Like this case, Hughes involved a “blocked” currency (Hughes Tool Co., v United Artists Corp., 279 AD 417,421, 110 N.Y.S.2d 383 [1st Dept 1952]; ajf’d, 304 NY 942). Refusing to apply certain official exchange rates, the Hughes court reasoned that:
it will not do to sacrifice justice to the easy way of resorting, as a substitute for a free market, to an official rate of exchange that has been established for other purposes and does not apply to transactions in controversy.
The Hughes court noted that it was plaintiff’s burden to:
establish the application [sic] rates of exchange as much as it is to prove the other necessary elements of damage. Proof of the so called [sic] ‘official’ rate of exchange does not sustain the burden, where it also appears that the foreign currency is blocked for the purpose in suit.
Thus, the Hughes court ignored the official rate of exchange and remanded the case for a trial for plaintiff to demonstrate other methods of ascertaining the values here of these blocked foreign currencies.
Here, plaintiff has not met its burden to establish the applicable rate of exchange under Hughes merely by describing the “official” rates or by decrying unofficial rates as “illegal” in Venezuela. Defendant raises an issue of fact in opposition to plaintiff’s motion by its experts who describe the realities of the exchange markets in Venezuela. Indeed, defendant’s experts have made a prima facie showing that the Venezuelan currency is blocked, that plaintiff has failed to refute. Plaintiff’s expert does not dispute that the exchange rate defendant propounds reflects more accurately the true market rate for exchanging bolivars to dollars. Plaintiff also does not contest defendant’s showing that ordinary people cannot exchange bolivars for dollars at the DICOM rate.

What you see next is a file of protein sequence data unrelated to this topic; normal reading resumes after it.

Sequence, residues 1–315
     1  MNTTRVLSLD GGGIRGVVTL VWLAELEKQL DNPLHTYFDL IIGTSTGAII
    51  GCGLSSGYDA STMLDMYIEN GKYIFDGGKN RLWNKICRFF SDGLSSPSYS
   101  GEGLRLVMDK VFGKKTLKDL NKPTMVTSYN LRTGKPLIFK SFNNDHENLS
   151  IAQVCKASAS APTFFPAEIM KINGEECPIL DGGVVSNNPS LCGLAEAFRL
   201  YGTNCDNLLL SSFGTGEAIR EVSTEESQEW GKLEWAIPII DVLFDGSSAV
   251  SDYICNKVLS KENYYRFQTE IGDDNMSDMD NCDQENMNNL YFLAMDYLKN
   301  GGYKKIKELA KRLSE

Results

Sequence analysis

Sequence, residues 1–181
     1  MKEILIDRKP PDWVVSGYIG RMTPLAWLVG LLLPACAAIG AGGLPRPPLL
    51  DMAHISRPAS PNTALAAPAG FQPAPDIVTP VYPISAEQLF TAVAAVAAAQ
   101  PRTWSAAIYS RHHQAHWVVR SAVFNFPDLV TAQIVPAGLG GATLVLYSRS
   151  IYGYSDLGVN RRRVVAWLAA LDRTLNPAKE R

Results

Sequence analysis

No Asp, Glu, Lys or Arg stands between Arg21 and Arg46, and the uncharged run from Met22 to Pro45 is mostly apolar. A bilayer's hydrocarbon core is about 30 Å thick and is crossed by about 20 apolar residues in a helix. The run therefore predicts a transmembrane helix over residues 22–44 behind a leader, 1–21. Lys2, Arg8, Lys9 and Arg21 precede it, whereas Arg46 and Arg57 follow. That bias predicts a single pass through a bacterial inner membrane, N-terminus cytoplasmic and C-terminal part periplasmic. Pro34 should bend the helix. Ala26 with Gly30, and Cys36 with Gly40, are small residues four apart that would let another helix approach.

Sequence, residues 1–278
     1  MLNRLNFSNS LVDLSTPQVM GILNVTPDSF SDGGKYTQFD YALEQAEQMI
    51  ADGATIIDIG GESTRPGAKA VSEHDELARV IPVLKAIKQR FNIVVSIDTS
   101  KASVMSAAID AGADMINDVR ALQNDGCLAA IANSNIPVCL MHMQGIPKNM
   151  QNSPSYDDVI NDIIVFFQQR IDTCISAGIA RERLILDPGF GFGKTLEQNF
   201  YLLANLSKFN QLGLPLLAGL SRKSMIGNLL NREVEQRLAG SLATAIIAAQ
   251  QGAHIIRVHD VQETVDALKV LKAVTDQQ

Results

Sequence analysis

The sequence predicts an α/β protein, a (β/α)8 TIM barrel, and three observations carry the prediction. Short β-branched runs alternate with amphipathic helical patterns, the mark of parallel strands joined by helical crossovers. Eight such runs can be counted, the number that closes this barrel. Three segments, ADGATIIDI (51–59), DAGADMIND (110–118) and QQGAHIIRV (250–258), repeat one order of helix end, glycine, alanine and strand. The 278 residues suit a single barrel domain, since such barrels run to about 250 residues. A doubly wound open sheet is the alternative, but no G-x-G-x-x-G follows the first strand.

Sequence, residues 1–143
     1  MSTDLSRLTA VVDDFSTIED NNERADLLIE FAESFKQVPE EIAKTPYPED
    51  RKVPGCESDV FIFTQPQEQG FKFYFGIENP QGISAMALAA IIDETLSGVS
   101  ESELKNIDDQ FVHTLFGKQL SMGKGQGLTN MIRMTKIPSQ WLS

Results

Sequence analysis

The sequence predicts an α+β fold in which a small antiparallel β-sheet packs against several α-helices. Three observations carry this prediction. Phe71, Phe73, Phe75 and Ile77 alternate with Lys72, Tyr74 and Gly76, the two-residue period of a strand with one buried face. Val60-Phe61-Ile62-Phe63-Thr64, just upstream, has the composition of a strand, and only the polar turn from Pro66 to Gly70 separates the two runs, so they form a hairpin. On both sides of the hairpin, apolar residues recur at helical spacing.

Finally, the exchange rate in effect on the date of the New York judgment’s entry is the applicable rate. Section 27(b) states that “a court shall render or enter a judgment or decree in the foreign currency of the underlying obligation.” The statute then immediately follows with the words “Such judgment or decree shall be converted into currency of the United States at the rate of exchange prevailing on the date of entry of judgment or decree.” Given its placement, the term “Such judgment” refers back to the judgment in the immediately preceding sentence, (i.e. the New York judgment).
Accordingly, it is
ORDERED that plaintiffs motion for summary judgment in lieu of complaint against defendant is granted only to the extent of recognizing the Venezuelan Judgment, and is otherwise
denied without prejudice to bringing a new motion under the correct applicable exchange rate; . . . .
(Internal quotations and citations omitted).
A key element in commercial litigation is proving damages. As this decision shows, sometimes even seemingly simple damages issues, like currency exchange rates, can be complicated. Contact Schlam Stone & Dolan partner John Lundin at email@example.com if you or a client have questions regarding proving damages.